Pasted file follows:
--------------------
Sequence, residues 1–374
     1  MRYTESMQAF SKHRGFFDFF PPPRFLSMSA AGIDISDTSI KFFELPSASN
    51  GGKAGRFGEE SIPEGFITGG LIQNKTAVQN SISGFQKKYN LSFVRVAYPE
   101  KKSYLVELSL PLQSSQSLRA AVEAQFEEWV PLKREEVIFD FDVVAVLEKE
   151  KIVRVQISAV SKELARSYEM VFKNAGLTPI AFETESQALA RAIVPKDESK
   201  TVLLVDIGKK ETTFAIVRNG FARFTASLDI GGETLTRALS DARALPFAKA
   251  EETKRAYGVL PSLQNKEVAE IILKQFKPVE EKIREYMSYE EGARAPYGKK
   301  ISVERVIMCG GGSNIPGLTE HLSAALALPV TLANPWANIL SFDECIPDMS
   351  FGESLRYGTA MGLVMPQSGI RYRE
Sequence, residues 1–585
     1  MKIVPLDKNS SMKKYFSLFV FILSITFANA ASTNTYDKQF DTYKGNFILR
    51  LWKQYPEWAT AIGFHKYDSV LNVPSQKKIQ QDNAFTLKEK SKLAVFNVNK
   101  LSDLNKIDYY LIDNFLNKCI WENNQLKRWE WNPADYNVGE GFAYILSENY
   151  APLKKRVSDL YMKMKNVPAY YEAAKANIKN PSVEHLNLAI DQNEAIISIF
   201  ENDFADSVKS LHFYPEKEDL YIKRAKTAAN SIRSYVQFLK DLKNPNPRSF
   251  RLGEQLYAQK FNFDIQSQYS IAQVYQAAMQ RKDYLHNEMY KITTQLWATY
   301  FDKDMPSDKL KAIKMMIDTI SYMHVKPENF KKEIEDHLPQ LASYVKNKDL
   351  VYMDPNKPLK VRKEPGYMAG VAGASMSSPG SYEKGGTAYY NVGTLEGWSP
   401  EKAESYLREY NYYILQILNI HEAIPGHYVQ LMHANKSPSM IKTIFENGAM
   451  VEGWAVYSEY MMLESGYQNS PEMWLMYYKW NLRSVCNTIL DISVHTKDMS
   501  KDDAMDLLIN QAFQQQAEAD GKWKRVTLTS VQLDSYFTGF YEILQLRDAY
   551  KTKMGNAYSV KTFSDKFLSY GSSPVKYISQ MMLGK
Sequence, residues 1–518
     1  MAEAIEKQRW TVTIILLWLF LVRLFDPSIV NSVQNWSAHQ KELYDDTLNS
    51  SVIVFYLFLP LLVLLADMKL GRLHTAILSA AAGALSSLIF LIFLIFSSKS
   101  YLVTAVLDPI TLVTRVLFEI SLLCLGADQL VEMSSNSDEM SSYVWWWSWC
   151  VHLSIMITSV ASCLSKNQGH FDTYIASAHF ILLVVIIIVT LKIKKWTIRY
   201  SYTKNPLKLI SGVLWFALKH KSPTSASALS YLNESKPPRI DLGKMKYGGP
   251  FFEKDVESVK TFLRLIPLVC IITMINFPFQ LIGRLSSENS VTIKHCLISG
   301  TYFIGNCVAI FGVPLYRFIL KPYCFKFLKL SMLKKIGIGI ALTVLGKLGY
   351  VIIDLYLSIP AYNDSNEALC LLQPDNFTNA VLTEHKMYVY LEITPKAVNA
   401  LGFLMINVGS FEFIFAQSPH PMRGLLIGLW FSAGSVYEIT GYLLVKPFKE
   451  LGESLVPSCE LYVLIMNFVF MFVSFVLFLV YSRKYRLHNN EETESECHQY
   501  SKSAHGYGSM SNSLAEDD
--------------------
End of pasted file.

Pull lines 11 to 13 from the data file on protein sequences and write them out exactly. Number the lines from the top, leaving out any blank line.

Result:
     1  MKIVPLDKNS SMKKYFSLFV FILSITFANA ASTNTYDKQF DTYKGNFILR
    51  LWKQYPEWAT AIGFHKYDSV LNVPSQKKIQ QDNAFTLKEK SKLAVFNVNK
   101  LSDLNKIDYY LIDNFLNKCI WENNQLKRWE WNPADYNVGE GFAYILSENY